How Mumbai Sputters on Floods


car on body of water

Floods are nothing new to Mumbai but this July started off with abrupt dumping of rain which brought even the city that never sleeps to a grinding halt for a couple of days. In spite of this, the city was back to normal functioning even while many areas like Sion and Hindmata remained closed. This scenario repeated itself over the weekend. 

The Downpour

25th July saw extremely heavy rains all across Maharashtra. Mumbai and Thane district saw heavy and consistent rainfall throughout the weekend. Thane and its surrounding areas were the worst hit over the weekend by the flooding. 

Traditional flood-prone areas like Sion, Santa Cruz, Panvel and Saki Naka saw moderate flooding. However, the Airport was the worst affected. High-speed winds grounded 11 flights and a luggage carrier was actually picked up and hit a Vistara plane. Unlike normal Mumbai flooding news, however, the Bruhanmumbai city area was left rather unmolested. The Mumbai Metropolitan Region, however, saw excessive flooding. Kalyan, Ulhasnagar, Ambernath, Badlapur and Murbad all received 300 mm rainfall in a window of 24 hours. The Mahalaxmi Express had to be halted as it could not possibly travel further into the flooded area and all passengers have since been rescued.

As a result, the Bhatsa, Kalu and Ulhas rivers all promptly flooded. The dams in these regions were already full from the earlier rains in July and were completely unprepared for the sudden downpour.

The Spirit stays Afloat

Unlike a normal weekday flood, when Mumbaikars are usually caught in the office or at work, this over the weekend flooding was a change. Most people were at home and have stayed relatively safe. NDRF teams have evacuated certain areas where the flooding has reached dangerous levels. 

If one had to understand why people are so calm, one had to only read the message board on M-indicator. The train schedule tracking app has a message board where people usually post which platform the TC is on at which station. Every time the city floods, people use these message boards to put out notices of where to find food and shelter. In spite of trains running later than usual, people can be seen calmly waiting at the platforms.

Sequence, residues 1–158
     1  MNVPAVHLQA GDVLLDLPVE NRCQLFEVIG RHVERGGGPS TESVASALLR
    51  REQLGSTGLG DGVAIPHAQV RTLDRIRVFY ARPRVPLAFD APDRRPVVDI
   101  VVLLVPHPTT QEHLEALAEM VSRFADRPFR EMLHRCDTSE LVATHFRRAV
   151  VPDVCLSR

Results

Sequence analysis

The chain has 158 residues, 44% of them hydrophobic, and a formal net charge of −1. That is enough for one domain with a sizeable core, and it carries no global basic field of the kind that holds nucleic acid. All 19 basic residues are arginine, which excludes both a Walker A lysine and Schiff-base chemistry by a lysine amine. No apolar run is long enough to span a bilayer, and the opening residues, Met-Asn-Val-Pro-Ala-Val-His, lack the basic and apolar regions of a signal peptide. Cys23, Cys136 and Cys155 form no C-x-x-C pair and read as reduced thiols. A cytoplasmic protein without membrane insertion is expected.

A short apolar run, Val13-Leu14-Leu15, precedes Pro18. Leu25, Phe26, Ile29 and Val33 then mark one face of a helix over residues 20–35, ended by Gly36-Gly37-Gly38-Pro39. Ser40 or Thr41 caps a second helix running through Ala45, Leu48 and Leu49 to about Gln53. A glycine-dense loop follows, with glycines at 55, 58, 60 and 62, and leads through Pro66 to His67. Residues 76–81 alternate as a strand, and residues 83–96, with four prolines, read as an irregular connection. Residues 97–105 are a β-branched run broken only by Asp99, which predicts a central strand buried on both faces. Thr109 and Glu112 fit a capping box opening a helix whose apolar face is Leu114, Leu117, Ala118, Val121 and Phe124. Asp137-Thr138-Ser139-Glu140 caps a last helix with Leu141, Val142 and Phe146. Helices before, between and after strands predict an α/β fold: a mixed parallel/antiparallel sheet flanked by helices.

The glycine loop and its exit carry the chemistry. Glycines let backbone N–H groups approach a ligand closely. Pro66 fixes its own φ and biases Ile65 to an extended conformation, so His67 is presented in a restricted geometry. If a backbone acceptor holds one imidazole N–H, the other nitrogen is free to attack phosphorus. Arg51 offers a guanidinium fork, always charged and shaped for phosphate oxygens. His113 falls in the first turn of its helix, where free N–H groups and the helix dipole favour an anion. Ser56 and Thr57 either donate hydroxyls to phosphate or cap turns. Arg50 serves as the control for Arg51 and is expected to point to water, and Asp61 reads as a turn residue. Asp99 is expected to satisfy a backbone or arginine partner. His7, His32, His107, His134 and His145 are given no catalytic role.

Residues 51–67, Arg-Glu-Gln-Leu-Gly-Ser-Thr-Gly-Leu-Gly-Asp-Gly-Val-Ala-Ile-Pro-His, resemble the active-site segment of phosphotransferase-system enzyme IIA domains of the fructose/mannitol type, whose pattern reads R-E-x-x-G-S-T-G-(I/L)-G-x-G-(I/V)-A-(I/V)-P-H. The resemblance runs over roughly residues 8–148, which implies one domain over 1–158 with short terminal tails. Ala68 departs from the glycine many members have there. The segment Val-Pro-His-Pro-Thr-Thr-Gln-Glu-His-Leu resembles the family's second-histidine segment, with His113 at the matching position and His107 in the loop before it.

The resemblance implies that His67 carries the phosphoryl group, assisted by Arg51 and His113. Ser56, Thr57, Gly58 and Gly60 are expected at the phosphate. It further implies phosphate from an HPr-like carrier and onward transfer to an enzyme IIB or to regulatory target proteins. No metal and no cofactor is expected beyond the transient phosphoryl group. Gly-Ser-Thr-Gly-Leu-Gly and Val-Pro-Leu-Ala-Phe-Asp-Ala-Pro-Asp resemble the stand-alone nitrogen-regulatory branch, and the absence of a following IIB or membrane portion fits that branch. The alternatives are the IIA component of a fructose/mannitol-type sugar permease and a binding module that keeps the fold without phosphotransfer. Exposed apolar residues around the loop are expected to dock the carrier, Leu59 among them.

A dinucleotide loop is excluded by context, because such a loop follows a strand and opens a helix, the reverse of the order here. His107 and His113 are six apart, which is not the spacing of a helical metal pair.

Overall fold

Moreover, the Minister of Education gave colleges and schools the freedom to close should they decide to avoid the inconvenience. 

Aye dill hai mushkil, jeena yahan
jara hat ke jara bach ke, yeh hai Mumbai meri jaan

The lyrics of this song are the soul of the city’s attitude. paced lifestyle is hardwired in the DNA of the city and its people. It is perhaps the people of this very city who know the subtle art of working hard, travelling in one of the world’s most crowded local trains, bearing its epic traffic and bouncing back even after heavy flooding that frequently knocks its shores.

People across the city seemed to have made peace with the fact that this flood will also subside like others and life will go back to normal. However, the Indian Meteorological Department seem to be focusing more on the cloud than the silver lining. They have declared an Orange alert for the next 48 hours as a warning to everyone in the city and neighbouring areas. 

The entirety of Northern Konkan region is bracing itself for what promises to be a stormy monsoon. Fisherman across the Maharashtrian and Gujrati coastline have been asked to not venture out into the sea till August starts.

Rajasthan, Bihar and Assam all face severe flood-like situations. 22 people have already lost their lives and the flood fury in Assam and Bihar has collectively claimed 209 lives. This weekends’ rains alone across Maharashtra have contributed to an 8% increase in water stock of the state. Although the deficit in water stock is still 20% as compared to last year. But in trying times even a significant difference seems small.

Brace Yourself. Nature is Coming.

The changed monsoon is going to have a serious impact across the country. As the floodwaters recede, they will leave prime agricultural land as a ruin. The Dams around the country are either not filled up adequately or have been overflowing. This is going to result in reduced agricultural output and lead to inflation.
Since India is an agrarian economy, it will be necessary to start rationing water right away, so as to last the summer. Water cuts and rise in prices of foodstuffs will be some of the things we will have to come to terms with for the coming year. 
The resilience of Mumbaikars combined with apps like the M-indicator help the city to get back on its feet. This app might just be the key in helping other cities across the nation to be better prepared in times of floods.

- Nachiket Bhushan Kondhalkar


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How Mumbai Sputters on Floods How Mumbai Sputters on Floods Reviewed by EMN on July 30, 2019 Rating: 5

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